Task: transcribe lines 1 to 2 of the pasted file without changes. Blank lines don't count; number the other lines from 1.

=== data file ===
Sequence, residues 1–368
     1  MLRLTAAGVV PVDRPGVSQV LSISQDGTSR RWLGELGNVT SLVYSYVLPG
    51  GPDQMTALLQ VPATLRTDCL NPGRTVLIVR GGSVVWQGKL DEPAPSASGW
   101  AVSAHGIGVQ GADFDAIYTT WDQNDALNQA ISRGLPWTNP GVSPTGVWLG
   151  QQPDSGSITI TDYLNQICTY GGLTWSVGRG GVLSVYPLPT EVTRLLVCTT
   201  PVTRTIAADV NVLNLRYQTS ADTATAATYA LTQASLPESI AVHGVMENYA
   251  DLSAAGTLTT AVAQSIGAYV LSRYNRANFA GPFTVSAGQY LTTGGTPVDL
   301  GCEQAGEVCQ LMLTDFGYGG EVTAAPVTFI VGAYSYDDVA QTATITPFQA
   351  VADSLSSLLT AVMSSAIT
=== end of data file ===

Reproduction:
Sequence, residues 1–368
     1  MLRLTAAGVV PVDRPGVSQV LSISQDGTSR RWLGELGNVT SLVYSYVLPG